Funeral food: Dikuku to kifyaat

2015-04-12 12:30

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Cultures do it differently, but all have a way with food after a death

At its sweetest, South African funeral food acts as an expression of support for the deceased’s family.

Less savoury is its role in marking and maintaining social status.

Bereaved families failing to offer postburial nourishment in line with community expectations may discover there are fates worse than death.

South African funeral culinary customs are culturally and regionally specific, but most cater generously for these large and gregarious gatherings.

The odd ones out are English-speaking white Anglo-Saxon Protestants (Wasps), who serve post-funeral snacks for close friends and family only.

Their attempts at comfort are distributed prior to the funeral in the form of baked casseroles left anonymously for the bereaved on the deceased’s doorstep.

Weird Wasps aside, the rest mark death with multiple mass-participation meals. A traditional Pedi funeral is publicly announced by way of sounding a tshipi ya dillo (bell for tears).

Brewing starts on Wednesday for a Saturday burial. Bucket loads of dikuku (scones) are required for preburial condolence visitors. The slaughtering of a beast (and its self-restrained preparation without salt) are non-negotiable postburial offerings.

It would be considered impossibly rude for a family not to provide sufficient funeral food to feed all comers or for a guest to refuse to eat at such an event.

Woe betide any Limpopo family failing to feed the diphiri grave diggers who return the day after the event for a meal of cow head and feet accompanied by bjala marole beer (which literally translates as beer for cleaning the dust).

Similar social sanction awaits a member of the NG Kerk Vrouediens who brings an inadequately adorned sandwich platter – triangular cut, crust free and set atop a lettuce-leaf base is the minimum requirement, with extra points awarded for cocktail gherkin and tomato garnishes.

Zulu, Xhosa and Sotho-style traditional funerals follow a similar structure. Even before adding the costs of an optional (and often frowned-upon) after-tears party, such sendoffs are expensive and can lead to hardship for the households left behind.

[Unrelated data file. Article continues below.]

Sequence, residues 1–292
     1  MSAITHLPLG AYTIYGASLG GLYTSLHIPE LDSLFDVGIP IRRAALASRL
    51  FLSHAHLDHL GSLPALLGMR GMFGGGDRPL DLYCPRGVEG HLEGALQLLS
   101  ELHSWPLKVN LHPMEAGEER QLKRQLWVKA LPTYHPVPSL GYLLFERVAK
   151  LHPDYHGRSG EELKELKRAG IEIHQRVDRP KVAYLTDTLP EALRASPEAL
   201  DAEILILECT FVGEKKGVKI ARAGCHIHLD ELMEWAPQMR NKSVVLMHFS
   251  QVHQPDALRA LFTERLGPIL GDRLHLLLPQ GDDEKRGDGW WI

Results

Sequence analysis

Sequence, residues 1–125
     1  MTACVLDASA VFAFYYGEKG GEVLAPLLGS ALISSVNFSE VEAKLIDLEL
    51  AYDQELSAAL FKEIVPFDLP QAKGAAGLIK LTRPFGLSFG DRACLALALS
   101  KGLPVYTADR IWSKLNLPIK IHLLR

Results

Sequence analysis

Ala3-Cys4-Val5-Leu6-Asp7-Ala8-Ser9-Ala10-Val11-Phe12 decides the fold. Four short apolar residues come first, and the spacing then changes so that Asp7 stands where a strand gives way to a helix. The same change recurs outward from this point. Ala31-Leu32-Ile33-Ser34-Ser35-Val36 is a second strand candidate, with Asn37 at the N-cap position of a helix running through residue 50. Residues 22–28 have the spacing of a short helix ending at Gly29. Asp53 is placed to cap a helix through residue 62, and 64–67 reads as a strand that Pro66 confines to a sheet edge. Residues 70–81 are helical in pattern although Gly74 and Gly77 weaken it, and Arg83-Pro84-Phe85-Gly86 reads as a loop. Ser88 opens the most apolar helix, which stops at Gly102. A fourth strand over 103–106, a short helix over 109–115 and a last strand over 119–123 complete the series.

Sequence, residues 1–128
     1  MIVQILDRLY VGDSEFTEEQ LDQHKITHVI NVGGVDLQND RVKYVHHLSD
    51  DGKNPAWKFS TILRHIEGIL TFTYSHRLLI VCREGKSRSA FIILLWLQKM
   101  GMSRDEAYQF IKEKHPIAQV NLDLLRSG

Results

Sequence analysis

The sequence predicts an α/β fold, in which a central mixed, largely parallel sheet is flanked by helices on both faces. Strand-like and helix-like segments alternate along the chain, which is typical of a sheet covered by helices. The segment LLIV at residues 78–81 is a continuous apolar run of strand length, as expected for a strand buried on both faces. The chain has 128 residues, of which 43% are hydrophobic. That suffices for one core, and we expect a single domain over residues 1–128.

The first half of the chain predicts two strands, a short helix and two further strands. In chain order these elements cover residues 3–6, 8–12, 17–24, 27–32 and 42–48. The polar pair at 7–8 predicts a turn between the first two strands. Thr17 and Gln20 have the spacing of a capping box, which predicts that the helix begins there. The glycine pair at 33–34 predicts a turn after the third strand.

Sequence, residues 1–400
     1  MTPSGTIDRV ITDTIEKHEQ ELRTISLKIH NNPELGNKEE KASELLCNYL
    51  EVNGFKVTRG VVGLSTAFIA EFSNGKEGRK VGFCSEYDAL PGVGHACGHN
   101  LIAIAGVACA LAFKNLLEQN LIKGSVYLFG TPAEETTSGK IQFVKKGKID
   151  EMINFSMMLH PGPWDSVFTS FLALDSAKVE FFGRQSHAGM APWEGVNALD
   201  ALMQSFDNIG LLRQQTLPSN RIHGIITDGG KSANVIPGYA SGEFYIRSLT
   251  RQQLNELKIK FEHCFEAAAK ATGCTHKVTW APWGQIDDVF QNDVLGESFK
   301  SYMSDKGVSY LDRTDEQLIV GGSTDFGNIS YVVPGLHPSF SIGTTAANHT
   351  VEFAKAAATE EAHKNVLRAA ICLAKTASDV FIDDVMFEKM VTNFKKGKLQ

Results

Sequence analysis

Data published in 2013 in the journal Economic Development and Cultural Change found the price of the aforementioned cow represented more than a third of a year’s income for more than half of those who purchased such funeral food.

Scones are less expensive, but no less necessary. Limpopo’s dikuku are KwaZulu-Natal’s MaSkhosana and Soweto’s Potchefstrooms – apparently because the Chris Hani Baragwanath hospital is on the Old Potch Road and those who enter the hospital are assumed to be leaving in a coffin.

No one seems to know who Mrs Skhosana was, but she had a great deal in common with the sisters of the NG Kerk who make botterbroodjies.

There are seldom scones involved in Cape Malay Muslim funeral food, but there are huge pots of kifyaat funeral food (which always includes pea and carrot bredie) served when the men return from the cemetery.

This is followed by a series of religious remembrance gatherings at the home of the deceased on the third, 40th and 100th night after burial, at which Koranic recitals are accompanied by biscuits and gedatmelk (sweetened milk with rose syrup).

Zulu deaths require similar ceremonies at three months for children and 12 months for widows.

The dearly departed are not forgotten in all the feasting. Many of us leave tea cups as gifts at the graveside.

The graves of deceased Xhosa men (although never women) are occasionally adorned with mini brandy bottles – especially during ukuphahla ancestral interactions. Some Zulu graves are adorned with a calabash of beer.

Such gifts are an ornamental marking of the beverage choices the deceased made in life, rather than a belief he might arise and partake.

From the ezenkeni (metal sheet) laid out with meat to the koeksister and stuffed egg-laden platters set atop tables (in the shape of a cross) in a Free State NG Kerk hall, all such meals are a symbolically defiant assertion of life in the face of death.

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